The BBC article goes on to say that "we could be carrying around 20GB of data with us by next year." By that reckoning, I'll be carrying around a server farm on my back!
Music and digital images take up the most space, plus all those the system back-ups, copies of applications, magazine PDFs, Outlook .PST files, address books... the list is endless. The strange thing is, even with all this storage, I never feel I have enough. It's pure data gluttony.
(Martyn Day is Group Editor at EDA Ltd. He runs his own Weblog at www.martynday.com. At worldcadaccess.typepad.com , we analyze the accuracy of professor Williams' claim.)
Mr. Hallstein makes several excellent points, the "A" and "B" categories being particularly accurate:
I don't like the term "cheaper", though, partly because our 3D system falls into category B, but mainly because it implies "less useful", directly contradicting the next-listed "more efficient" characteristic. That term aside, the comparison is spot-on.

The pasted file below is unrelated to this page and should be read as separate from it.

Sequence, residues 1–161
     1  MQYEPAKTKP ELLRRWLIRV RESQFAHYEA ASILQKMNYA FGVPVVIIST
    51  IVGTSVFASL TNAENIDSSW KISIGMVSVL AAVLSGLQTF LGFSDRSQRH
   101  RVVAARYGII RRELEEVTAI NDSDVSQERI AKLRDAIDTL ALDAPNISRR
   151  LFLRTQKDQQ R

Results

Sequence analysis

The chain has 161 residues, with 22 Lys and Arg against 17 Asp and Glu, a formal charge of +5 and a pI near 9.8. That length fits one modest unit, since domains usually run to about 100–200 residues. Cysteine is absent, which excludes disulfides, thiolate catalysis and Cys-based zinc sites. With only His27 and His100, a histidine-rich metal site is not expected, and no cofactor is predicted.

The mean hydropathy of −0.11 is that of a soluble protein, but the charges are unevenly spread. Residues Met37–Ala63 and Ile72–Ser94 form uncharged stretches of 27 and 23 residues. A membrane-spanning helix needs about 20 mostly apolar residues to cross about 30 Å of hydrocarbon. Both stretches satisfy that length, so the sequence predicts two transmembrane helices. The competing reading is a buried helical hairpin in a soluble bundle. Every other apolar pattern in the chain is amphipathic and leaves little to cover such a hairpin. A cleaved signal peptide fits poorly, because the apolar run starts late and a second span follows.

With Mr. Hallstein's thorough understanding of 3D systems I'm surprised to hear such a negative overall tone to the article (disaster, unable, stuck, cheat, mess, etc). In my experience dealing with our customers as well as customers of other 3D systems, experienced 3D users are almost always much happier having moved to 3D methods. I've never heard a single 3D'er wishing to go back to 2D, but I lost count long ago of the "I'd never go back to 2D" remarks, so there must be something positive going on.
That positive, unmentioned in the article, is accuracy. Whether an "A" or a "B" system, working with a single 3D model is invariably more accurate than working with multiple 2D views which always have opportunity to conflict.
Limitations, difficulties, and frustrations?
Yes, just like every 2D system, but if end-to-end productivity is